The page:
Going to the movies was something a friend and I did often when I lived in D.C.  When the movie ended and everyone else was leaving the theater, my friend and I were still sitting there after the credits rolled, discussing the film, its meaning, what was true, possible, or impossible.  It wasn't just what Hollywood had sent us.  We’d dissect it every part of it.  And this was long before I began writing and dissecting what made a good book.  I didn't know it at the time, but sitting in that theater, analyzing what happened, was training for becoming a writer.


Movies also sent me to books.  If a story was intriguing, I often wanted to know more about the characters portrayed or I wanted to know what was in the book that didn't translate to the screen.  By now I’d learned that what I saw was only a fraction of what a book could tell me.  These were often biographies.  I wanted to separate the truth from fiction.  Amadeus was one of the first ones I watched and went almost immediately to the library to check out several books on the life of Wolfgang Amadeus Mozart.  Mozart isn't my favorite classical pianist.  That would be Chopin, but the story behind Amadeus was so intriguing that despite the wonderful music, I wanted to know more about the man and his relationship with his wife, his absent mother and his stern father.


Books also send me to learn more about other people’s lives.  The book Emily’s Secret by Jill Jones led me to learn more about the Bronte’s.  Emily’s Secret, a work of fiction, was recommended by the publisher through a teaser booklet.  I read the teaser and then haunted bookstores until the book was released.  After reading it, I discovered it was one of those books that you tell everyone they have got to read.  And of course, I did.

But let’s go back to television.  I’m not a reality fan, but I watch some shows for the science or the technology.  McGyver and his ingenious use of whatever was available was one of my favorites.  I have the entire series on DVD’s.  I was a chemistry major in college and still wondered if some of the improvised concoctions he used would work.  Years after it went off the air, there was another program where they tried the physics and chemistry of McGyver.  Most of it didn't work.  However, the takeaway from this is that there are things my characters can do with only what is available.  And before you ask, no, I never used anything I saw McGyver do on television in my books.  But he was certainly good to look at.  And still is.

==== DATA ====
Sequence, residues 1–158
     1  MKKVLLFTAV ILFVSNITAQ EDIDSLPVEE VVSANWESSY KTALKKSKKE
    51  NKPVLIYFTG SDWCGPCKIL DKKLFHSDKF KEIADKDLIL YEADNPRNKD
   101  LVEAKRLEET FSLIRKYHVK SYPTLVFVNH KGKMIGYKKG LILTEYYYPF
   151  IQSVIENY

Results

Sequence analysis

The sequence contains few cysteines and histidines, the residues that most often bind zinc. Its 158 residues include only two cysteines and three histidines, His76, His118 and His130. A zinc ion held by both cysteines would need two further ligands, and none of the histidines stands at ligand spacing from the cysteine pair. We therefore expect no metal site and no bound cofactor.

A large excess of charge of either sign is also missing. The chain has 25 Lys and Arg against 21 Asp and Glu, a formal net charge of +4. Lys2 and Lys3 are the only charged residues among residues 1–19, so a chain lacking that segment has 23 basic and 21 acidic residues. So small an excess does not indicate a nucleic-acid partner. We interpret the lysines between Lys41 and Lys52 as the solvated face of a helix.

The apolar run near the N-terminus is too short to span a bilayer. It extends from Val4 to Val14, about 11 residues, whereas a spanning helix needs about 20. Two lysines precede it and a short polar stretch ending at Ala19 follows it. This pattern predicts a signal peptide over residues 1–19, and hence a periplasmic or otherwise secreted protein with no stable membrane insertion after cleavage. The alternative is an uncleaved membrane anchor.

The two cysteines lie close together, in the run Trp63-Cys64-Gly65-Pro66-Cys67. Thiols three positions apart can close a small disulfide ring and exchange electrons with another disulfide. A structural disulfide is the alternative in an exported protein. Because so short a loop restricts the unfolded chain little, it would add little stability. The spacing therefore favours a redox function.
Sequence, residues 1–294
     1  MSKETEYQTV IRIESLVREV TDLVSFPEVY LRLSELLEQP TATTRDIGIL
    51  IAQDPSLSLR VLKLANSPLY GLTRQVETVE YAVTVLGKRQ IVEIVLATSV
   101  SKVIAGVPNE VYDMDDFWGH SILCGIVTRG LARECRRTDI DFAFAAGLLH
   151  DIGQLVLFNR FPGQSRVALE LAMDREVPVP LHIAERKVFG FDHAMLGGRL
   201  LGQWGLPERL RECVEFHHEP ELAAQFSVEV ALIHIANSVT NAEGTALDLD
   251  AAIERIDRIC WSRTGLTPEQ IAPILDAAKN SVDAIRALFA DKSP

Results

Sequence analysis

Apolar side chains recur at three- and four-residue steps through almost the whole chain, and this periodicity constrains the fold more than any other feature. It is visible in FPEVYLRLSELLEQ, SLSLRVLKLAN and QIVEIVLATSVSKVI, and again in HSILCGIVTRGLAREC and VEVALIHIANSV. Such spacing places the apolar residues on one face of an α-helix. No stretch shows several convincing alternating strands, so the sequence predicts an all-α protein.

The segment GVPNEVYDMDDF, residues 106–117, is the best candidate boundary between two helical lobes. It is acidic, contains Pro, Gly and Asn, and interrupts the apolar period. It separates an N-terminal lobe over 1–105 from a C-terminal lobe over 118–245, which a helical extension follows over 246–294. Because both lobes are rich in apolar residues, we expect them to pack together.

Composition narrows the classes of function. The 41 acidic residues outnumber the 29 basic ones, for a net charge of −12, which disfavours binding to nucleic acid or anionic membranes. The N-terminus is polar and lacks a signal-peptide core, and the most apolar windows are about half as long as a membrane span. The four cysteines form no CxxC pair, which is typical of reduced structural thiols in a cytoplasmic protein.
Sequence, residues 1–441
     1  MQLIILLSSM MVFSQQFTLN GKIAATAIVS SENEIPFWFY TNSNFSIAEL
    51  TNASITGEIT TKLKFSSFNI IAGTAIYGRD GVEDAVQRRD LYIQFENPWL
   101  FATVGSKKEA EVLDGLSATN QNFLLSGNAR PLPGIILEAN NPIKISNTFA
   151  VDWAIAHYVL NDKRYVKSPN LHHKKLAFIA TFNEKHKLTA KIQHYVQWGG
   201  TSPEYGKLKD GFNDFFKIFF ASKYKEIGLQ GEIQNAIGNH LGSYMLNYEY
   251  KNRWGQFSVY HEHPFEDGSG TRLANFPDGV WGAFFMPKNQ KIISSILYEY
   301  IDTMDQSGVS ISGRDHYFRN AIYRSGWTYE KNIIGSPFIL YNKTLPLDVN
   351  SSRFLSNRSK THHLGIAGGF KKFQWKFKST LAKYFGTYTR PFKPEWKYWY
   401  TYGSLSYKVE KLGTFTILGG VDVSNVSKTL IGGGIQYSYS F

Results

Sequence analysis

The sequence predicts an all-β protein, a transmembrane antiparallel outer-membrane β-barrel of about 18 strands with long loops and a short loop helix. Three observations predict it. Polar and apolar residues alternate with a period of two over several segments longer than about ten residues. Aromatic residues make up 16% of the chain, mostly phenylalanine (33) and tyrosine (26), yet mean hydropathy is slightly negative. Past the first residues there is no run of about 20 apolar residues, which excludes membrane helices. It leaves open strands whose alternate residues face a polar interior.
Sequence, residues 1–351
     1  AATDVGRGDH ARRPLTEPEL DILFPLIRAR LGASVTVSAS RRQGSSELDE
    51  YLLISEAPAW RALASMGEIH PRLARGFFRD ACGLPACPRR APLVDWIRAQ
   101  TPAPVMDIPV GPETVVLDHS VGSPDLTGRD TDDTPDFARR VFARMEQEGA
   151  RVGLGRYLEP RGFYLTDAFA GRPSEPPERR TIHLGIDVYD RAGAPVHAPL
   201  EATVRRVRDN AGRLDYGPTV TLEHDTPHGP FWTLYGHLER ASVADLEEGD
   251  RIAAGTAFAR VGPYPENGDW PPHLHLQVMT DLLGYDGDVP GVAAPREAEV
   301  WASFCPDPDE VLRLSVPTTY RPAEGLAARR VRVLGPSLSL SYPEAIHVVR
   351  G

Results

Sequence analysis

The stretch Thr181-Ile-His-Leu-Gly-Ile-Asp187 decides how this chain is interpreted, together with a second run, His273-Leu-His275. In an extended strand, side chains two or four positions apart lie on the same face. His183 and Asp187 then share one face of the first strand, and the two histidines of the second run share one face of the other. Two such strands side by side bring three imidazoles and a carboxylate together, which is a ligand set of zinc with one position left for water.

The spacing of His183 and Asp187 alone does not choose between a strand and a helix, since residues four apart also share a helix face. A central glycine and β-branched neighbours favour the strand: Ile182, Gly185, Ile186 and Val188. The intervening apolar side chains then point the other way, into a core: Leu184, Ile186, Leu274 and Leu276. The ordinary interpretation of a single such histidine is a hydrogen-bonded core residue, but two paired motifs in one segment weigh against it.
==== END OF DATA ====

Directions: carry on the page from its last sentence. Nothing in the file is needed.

Today I watch Scandal with Kerry Washington.  She’s a fixer.  Until I saw Michael Clayton with George Clooney, I’d never heard of a fixer.  I thought they’d have a sexier name.  I can’t think what, just that they would.  The problems they have and the solutions they come up with are amazing.  As a writer, it’s a not to be missed program.  And of course, NCIS is on my list program that I watch over and over again.




So, when readers ask me where did the idea for a book came from, sometimes it came from something I saw on television.  Of course, it’s not exactly the same, but the germ of the plot can spark an entire book.  Sometimes only one line in a movie gives me an idea for a story.  I have to quickly write it down, so I won’t forget it.  Once I got the idea for a book from a bumper sticker on the back of a truck.  All it said was Summer Thunder.  I thought of writing a book about the permanent residents of a summer resort.  They referred to the influx of hard bodies during the season as Summer Thunder.  It’s still in the idea file, waiting for me to write it. 


The idea for my latest book, His 1-800 Wife, did not come from any television program.  It came from commercials.  There were so many late-night commercials for people to call 1-900 numbers.  Those were for more exotic and they had a pay-per-call feature.  Right after I saw one, another came on for some mortgage company and their number began with 1-800.  My thought was about the 900 number people looking for love and installing a phone to find it.  And that's when Catherine Carson and Jarrod Greene entered my mind.

Catherine Carson needs a husband...temporarily.  Devising a plan to keep her sister and mother at bay, she installs a phone to find the perfect man -- no the imperfect man.  One she could marry and happily divorce in six months.  But Jarrod Greene has other plans.  And Catherine must discover what she really wants. . .a future with Jarrod.

So sit down and watch television program.  Some of the best programs are based on books – or the other way around.

As always – keep reading.